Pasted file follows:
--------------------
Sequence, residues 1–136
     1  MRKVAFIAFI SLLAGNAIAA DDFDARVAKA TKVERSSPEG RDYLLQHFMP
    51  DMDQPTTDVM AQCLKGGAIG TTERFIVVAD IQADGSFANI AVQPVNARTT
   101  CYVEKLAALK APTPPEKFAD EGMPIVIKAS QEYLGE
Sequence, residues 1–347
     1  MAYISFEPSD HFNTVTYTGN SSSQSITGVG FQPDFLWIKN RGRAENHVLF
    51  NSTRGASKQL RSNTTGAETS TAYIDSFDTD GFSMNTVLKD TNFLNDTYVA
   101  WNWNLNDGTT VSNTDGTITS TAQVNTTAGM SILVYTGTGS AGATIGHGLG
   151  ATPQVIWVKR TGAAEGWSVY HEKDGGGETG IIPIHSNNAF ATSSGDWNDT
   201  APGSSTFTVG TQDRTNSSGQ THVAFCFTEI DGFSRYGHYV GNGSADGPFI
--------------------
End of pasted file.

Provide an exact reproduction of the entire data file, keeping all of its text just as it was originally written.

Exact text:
Sequence, residues 1–136
     1  MRKVAFIAFI SLLAGNAIAA DDFDARVAKA TKVERSSPEG RDYLLQHFMP
    51  DMDQPTTDVM AQCLKGGAIG TTERFIVVAD IQADGSFANI AVQPVNARTT
   101  CYVEKLAALK APTPPEKFAD EGMPIVIKAS QEYLGE
Sequence, residues 1–347
     1  MAYISFEPSD HFNTVTYTGN SSSQSITGVG FQPDFLWIKN RGRAENHVLF
    51  NSTRGASKQL RSNTTGAETS TAYIDSFDTD GFSMNTVLKD TNFLNDTYVA
   101  WNWNLNDGTT VSNTDGTITS TAQVNTTAGM SILVYTGTGS AGATIGHGLG
   151  ATPQVIWVKR TGAAEGWSVY HEKDGGGETG IIPIHSNNAF ATSSGDWNDT
   201  APGSSTFTVG TQDRTNSSGQ THVAFCFTEI DGFSRYGHYV GNGSADGPFI